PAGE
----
I'd love to hear any comments please


              PS: A 600km trip tomorrow will be the true test.


              • #8

                Car ran very well on 600km trip. A couple of misfires late in the trip but barely noticeable.

                In the back of the car i had the old O2 sensor the mechanic replaced yesterday. I salvaged it from his bin. I took a look at the connector. Wish i had done it yesterday.

                Dismay when i noticed traces of oil in the connector. Pretty sure the oil didn't come from his bin which suggests oil has made its way down the wiring to this downstream sensor. I have been checking all the connections i can reach in the engine bay for oil since I replaced the leaky oil pressure sensor. No sign of oil in any of the connectors. Perhaps being the low point oil went downhill

                But this worries the heck out of me. I cant get to the connector to check unless i lift the car up. I'm not that skinny. Will have to wait till i get back home in a week

                Here's a picture

                Click image for larger version

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                And so it goes . . .


                • #9
                  there is probably nothing wrong with that senosr

                  I removd the oil pressure switch, cleaned it and put a smear of gasket silicone on it in various places to stop any leaks.

                  Do not over tighten the oil pressure switch into the head as the head is only aluminium and the switch steel . you can strip the threads

                  Always use axle stands when under the car - do not depend on a bottle jack and certainly not on the suicide jack that comes with the corsa

                  what happened to the clicking or could that have been tappet noise?


                  • #10
                    Yep i guess the sensor was ok. Mechanic missed the oil. But he wouldn't have been looking for it either. Will see him in a week and show him.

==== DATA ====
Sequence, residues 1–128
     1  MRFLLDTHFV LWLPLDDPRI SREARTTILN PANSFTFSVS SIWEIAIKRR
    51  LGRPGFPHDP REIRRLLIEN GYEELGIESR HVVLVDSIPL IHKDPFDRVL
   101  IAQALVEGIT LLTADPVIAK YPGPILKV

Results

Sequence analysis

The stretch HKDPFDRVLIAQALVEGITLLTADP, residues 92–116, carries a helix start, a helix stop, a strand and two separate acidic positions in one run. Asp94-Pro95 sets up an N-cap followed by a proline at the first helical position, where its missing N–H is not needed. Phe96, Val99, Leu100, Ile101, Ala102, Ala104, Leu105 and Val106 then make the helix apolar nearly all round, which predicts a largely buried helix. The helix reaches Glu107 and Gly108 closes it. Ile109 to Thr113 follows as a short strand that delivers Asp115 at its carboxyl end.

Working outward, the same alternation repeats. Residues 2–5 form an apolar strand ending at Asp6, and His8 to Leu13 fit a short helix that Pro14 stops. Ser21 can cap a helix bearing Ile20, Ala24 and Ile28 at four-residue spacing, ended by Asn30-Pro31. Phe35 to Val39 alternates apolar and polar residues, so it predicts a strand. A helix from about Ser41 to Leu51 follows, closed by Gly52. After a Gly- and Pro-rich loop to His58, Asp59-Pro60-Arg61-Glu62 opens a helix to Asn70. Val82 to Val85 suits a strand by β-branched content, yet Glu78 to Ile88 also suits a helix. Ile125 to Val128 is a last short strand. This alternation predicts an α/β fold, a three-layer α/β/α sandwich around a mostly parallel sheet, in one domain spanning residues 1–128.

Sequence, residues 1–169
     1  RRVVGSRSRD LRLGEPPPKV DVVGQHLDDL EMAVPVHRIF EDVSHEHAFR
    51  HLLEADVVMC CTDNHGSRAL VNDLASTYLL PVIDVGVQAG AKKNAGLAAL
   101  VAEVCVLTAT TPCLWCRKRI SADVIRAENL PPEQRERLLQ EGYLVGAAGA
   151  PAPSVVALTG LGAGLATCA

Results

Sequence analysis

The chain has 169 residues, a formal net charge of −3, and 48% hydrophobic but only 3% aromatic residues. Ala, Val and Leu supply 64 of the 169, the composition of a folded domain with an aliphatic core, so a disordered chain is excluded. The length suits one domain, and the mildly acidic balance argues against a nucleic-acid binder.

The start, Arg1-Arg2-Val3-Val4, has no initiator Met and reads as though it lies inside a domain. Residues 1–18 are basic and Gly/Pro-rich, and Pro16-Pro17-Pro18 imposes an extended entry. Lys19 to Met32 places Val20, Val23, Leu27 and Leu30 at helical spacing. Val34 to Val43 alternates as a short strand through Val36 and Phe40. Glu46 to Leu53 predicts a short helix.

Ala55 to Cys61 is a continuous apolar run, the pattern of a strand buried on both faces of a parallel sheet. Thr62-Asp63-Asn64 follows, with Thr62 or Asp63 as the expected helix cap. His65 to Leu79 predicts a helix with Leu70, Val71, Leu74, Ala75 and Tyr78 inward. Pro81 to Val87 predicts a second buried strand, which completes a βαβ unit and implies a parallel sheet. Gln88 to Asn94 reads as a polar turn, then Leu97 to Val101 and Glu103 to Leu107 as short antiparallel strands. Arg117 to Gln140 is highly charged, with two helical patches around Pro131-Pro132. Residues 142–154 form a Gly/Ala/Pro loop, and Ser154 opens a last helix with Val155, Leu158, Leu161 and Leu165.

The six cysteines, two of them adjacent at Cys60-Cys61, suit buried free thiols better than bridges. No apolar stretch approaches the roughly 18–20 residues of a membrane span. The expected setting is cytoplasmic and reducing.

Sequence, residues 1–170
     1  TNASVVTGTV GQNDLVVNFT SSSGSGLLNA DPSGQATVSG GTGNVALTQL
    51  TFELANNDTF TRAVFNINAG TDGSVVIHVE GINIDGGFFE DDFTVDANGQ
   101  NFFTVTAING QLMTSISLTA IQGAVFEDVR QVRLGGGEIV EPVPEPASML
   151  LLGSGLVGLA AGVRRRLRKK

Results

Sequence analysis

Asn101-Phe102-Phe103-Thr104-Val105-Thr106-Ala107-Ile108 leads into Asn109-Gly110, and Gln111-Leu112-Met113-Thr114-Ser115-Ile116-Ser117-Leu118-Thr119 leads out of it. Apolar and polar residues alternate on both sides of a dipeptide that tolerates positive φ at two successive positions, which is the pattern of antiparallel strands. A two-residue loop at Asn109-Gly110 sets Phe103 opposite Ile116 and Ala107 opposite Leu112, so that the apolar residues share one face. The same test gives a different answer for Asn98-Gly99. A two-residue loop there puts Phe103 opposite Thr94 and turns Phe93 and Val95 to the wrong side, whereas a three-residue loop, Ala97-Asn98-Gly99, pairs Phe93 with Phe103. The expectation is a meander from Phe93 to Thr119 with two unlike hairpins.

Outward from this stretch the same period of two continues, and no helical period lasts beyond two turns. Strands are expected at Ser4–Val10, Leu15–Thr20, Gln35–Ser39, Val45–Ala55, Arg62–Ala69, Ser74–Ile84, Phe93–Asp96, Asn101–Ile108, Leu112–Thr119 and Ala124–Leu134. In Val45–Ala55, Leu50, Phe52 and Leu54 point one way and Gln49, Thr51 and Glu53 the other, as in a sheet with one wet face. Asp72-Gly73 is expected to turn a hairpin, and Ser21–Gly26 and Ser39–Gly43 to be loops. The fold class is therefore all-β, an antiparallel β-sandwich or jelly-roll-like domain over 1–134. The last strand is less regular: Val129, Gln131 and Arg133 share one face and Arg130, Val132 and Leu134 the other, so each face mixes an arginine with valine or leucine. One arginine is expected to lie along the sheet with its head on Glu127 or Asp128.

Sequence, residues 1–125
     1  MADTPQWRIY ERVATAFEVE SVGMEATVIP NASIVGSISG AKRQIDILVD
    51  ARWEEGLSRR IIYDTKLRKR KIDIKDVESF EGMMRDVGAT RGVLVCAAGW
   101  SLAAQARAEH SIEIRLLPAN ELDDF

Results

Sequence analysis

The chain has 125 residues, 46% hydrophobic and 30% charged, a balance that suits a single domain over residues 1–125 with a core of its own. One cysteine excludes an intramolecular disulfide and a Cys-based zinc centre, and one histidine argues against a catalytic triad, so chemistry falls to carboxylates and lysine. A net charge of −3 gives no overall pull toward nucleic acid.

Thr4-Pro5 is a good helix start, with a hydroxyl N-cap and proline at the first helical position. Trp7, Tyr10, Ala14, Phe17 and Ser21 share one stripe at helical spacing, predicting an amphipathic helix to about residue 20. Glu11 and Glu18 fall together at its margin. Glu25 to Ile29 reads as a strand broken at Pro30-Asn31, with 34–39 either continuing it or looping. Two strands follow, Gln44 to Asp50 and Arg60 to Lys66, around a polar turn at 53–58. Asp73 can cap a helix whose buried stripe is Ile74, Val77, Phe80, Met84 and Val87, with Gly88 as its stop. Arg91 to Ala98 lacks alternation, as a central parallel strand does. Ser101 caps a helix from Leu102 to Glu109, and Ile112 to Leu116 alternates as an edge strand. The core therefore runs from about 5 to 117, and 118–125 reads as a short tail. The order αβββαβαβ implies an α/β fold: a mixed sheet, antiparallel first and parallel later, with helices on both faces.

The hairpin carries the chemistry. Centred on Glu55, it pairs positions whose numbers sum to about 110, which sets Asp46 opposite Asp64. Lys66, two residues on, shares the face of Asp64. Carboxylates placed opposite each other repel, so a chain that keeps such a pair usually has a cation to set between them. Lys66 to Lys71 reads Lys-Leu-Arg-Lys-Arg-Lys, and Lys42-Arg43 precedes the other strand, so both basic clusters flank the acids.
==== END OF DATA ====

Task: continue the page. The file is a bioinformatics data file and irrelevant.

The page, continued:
Changed the oil pressure switch about 3 months back when first noticed it leaking. But at some time before noticing the leak oil may have traveled down the cables.

                    Definitely not getting under the car with proper stands.

                    I will check the connector when i get home and clean it with contact cleaner and hopefully keeping an eye on it all the oil will eventually come out

                    The clicking disappeared.


                    • #11

                      Before the 600km trip home i thought i'd go to the local garage and ask to lift the car to get a look at the O2 sensor underneath. It was eating away at my brain.

                      Sure enough there was oil. i cleaned out both connectors and dried them 3 times just to make sure. He also cleared the codes (0130, 0130).

                      Looks like the oil is the source of the problems.

                      Now how to get rid of it cheaply?



                      • #12
                        If you cant easily fix the oil leak try and make the connector itself more oil proof in some way such as enclosing it in a weather sealed container, or wrapping it in self amalgamating rubber tape and coating this with silicon sealant. If you later need to disconnect it again just open the container or cut the rubber off.

                        If the car is nearing the end of its life and unlikely to pass its next technical inspection you could even consider cutting a small hole in the floor to give easy access,with a weather sealed removable cover plate .Lots of cars have such holes in the floor sealed with rubber bungs etc but you would need to be sure it doesnt affect strength.
                        Last edited by Bugman; 18-08-2016, 01:23 PM.


                        • #13

                          Great idea to make an access panel for the O2 sensor wiring connections. Car is not nearing the end of its life yet i hope.

                          The oil has come from the leaky oil pressure switch and has traveled along the wires and found the lowest point, i guess, which is the O2 sensor after the CC.

                          Not sure how making the connector itself more oil proof in some way will help.



                          • #14
                            Sorry no offence intended about end of life. Just being cautious. An access hole makes sense to me and as long as its a professional looking piece of work,is sealed against weather and any fumes and does not affect body strength, I dont think it would be a problem on the UK MOT. But the German testers may view a non standard modification differently. You are probably right about trying to seal the connection. Its not easy making something oil proof.


                            • #15
                              No offence taken. Will check out this access panel idea with the local mechanics. Great idea